Railroad Earth Scale a Seven Story Mountain — With New Tunes All Over
Words by Chad Berndtson
Photos by Dino Perrucci
We’re living through another golden age of what might be thought of as bluegrass-plus, meaning not only those old, middle, and young generational bands that carry the torch for traditional string band music but also the ones who like to blow that paradigm up, or at least nudge it in as many different creative directions as possible while ensuring the center of it will still hold. Call it jamgrass, call it whatever you want; having been through at least two of these golden ages, Railroad Earth are by now elder statesmen of a part of the scene where they were once the up-and-comers. But then, here they are, 21 years in, still vital, still pushing the envelope, still throwing what feels like a ferociously exciting hootenanny, organic and unforced, even with so much change over the years, both within the band and the world at large.
Railroad Earth are, as ever, a total gas, but this isn’t (and has never been) just a good-time picking party—the poignancy in their songs is as pronounced as their musicianship. At a welcome return to the Cap on Saturday night, they roamed all over the vast plains and big skies of their catalog, letting classic material reach out and hug its starved audience. The first set had a smashing “Walk Beside Me” to open up, and an expansive “Hunting Song” that topped 15 minutes. Later came the glorious “Seven Story Mountain,” which as ever, built and built and built. As the second set got underway, the traditional “Dance Around Molly” found its way into “Dandelion Wine” in a classic bit of Railroad Earth segue sorcery, and there were piquant jams on Railroad Earth staples like the traditional “The Cuckoo,” led by Tim Carbone’s slicing fiddle and John Skehan’s stinging mandolin, and, soon after, Todd Sheaffer’s groovy “The Jupiter & The 119.”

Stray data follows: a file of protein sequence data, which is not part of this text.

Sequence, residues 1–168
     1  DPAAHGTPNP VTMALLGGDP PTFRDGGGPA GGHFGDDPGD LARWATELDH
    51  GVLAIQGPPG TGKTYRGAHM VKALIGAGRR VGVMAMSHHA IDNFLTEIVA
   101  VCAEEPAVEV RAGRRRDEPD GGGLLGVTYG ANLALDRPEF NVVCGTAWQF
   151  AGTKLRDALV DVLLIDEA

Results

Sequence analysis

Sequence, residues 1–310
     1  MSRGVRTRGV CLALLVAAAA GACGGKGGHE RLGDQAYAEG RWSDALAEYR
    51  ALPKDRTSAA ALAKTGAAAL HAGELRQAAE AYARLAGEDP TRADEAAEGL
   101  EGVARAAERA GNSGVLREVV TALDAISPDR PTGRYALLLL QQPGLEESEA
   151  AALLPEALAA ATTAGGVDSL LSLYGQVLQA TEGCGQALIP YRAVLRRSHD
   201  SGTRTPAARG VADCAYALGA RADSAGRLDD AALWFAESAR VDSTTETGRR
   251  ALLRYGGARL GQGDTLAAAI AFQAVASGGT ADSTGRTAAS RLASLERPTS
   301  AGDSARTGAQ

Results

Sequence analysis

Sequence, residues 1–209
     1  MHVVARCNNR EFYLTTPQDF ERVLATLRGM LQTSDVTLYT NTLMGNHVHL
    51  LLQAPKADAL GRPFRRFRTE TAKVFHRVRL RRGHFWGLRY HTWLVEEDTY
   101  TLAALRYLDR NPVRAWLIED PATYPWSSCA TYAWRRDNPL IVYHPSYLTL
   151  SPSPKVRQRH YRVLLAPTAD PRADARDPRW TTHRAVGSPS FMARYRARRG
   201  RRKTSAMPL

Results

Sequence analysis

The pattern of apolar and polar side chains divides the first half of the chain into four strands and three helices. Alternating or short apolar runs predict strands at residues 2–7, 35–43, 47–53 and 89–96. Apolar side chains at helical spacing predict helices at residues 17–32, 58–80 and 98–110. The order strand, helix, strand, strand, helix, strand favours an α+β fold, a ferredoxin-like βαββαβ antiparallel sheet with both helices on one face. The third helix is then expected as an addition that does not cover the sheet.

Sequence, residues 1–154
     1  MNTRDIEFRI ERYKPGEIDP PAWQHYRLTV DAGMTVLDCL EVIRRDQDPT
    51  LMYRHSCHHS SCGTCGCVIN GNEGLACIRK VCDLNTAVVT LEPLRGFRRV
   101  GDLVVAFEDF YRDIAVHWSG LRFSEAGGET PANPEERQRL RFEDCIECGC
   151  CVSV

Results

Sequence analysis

But the story of this night was the newer songs. Mixed throughout the two sets were a passel of tunes from the band’s upcoming release, “All for the Song” which they recorded three years ago in New Orleans (with Anders Osborne at the producer controls) when in a deeply emotional space following the tragic 2018 death of founding bandmate Andy Goessling from cancer. Both the well of emotion and the New Orleans influence come through in the tunes, which are some of the richest in Railroad Earth’s decades of music making.
The first set offered “It’s So Good,” the chugging “Slippin’ Away,” with ribbons of string interplay, and, to close, the gently insistent “The Great Divide,” whose title, like many a great Railroad Earth song, seems to describe its full feeling cinematically. Set two had the back porch-ready “Blues Highway,” the swampy, organ-soaked “Come and Go Moon,” like a countryfied Dr. John outtake, and, later, “Runnin’ Wild,” which was world-weary ramble, more spicy strings, and chugging rhythm. “All for the Song,” which closes the album, also closed the second set—a slow-burning country hymn that took its time, hanging in the air, with steel and piano to both coarsen and sweeten it. (New band recruit Sam Armstrong-Zickefoose, aboard for this March run, colored the tunes with banjo, lap steel, and guitar—a swingman who wasn’t afraid to assert himself.)
The full touring band—Carbone, Sheaffer, Skehan, Armstrong-Zickefoose, Carey Harmon, Andrew Altman, Matt Slocum—connected again and again, producing big sounds that felt even bigger than its swelling membership and musicality, but also finding brilliance in hanging back and letting softer, quieter moments find their full drama among varied dynamics. As always, this is not a band that feels the need to empty the chamber at every chance it gets, such that when it does—again, check out that “Seven Story Mountain” among so many highlights from this warm and embracing Saturday night—it hits hard and deep.
Set 1: Walk Beside Me, It’s So Good, Lordy Lordy, Hunting Song, Crossing the Gap > Slippin’ Away, Seven Story Mountain, The Great Divide
Set 2: Dance Around Molly > Dandelion Wine, Blues Highway, Come and Go Moon, Old Man and the Land, The Cuckoo, The Jupiter & the 119, Where Songs Begin > Stillwater Getaway, Runnin’ Wild, All for the Song
Encore: Peace On Earth